The 21-year-old narrator of Julian Barnes’s first novel, Metroland (1980), suggests that ‘everyone has a perfect age to which they aspire, and they’re only truly at ease with...

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Twinkly: Beyond the Barnes persona

Theo Tait, 1 September 2005

According to Flaubert’s famous rule, ‘an author in his book must be like God in the universe, present everywhere and visible nowhere.’ For most of his career, the celebrated...

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Julian Barnes’s new book of short stories is concerned with old age and death. Barnes – who was born in 1946 – should have a few years to go before he experiences either...

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Tell us about it: Julian Barnes

Alex Clark, 24 August 2000

Ironies accumulate in the work of Julian Barnes, like – well, perhaps we’d better not attempt to say what they are like, since Love, etc contains several admonitions on the dangers of...

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The title of this novel is a contraction (of the famous phrase from W.E. Henley’s ‘Pro Rege Nostro’, ‘What have I done for you,/England, my England’). The...

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It was Wittgenstein’s objection to Freud and his Interpretation of Dreams that the procedure might be impressive, but why did interpretation have to end just there, what was to stop it...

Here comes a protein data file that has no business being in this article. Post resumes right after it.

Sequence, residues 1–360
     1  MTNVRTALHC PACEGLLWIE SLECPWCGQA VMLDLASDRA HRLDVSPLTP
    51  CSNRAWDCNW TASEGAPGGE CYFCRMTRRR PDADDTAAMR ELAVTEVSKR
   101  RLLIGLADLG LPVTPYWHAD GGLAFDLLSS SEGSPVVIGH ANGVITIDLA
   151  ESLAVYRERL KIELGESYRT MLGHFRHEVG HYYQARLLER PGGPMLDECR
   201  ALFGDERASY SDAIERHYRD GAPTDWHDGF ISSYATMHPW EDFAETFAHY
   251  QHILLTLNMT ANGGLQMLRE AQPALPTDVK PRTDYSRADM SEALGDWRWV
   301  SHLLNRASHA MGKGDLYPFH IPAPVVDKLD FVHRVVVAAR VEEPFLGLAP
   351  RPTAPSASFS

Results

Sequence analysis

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Sausages and Higher Things

Patrick Parrinder, 11 February 1993

‘It seems to me the further east you go the more unpunctual are the trains.’ Bram Stoker’s Dracula was the source for this epigraph to the best-known British novel of the...

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Oliver’s Riffs

Charles Nicholl, 25 July 1991

Julian Barnes is a writer of rare intelligence. He catches the detail of contemporary life with an uncanny, forensic skill. His style is a model of cool and precision. He is often very funny, and...

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Stowaway Woodworm

Frank Kermode, 22 June 1989

About a century ago Henry James remarked sadly that, unlike the French, the English novel was not discutable. It had no theory behind it. Its practitioners were largely unaware that ‘there...

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Real Questions

Ian Hamilton, 6 November 1986

Julian Barnes once trained to be a barrister and he’s been asking questions ever since – questions, mostly, about questions. In Before she met me, the hero of the book actually...

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D.A.N. Jones, 1 November 1984

These novels, all in the literary-prize-winning league, tell us of areas with which we are probably unfamiliar. William Kennedy’s Ironweed is about Albany, capital of the State of New York....

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Robert Taubman, 20 May 1982

The voices in A Chain of Voices are those of 30 characters, Boer farmers and their hired labourers and slaves, in the Cape in the early 19th century. The voices are ‘all different yet all...

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Looking back

John Sutherland, 22 May 1980

The Victorian practice of antedating is enjoying a revival with contemporary English novelists. Every so often, it would seem, fiction becomes broody, retrospective, and responsive to...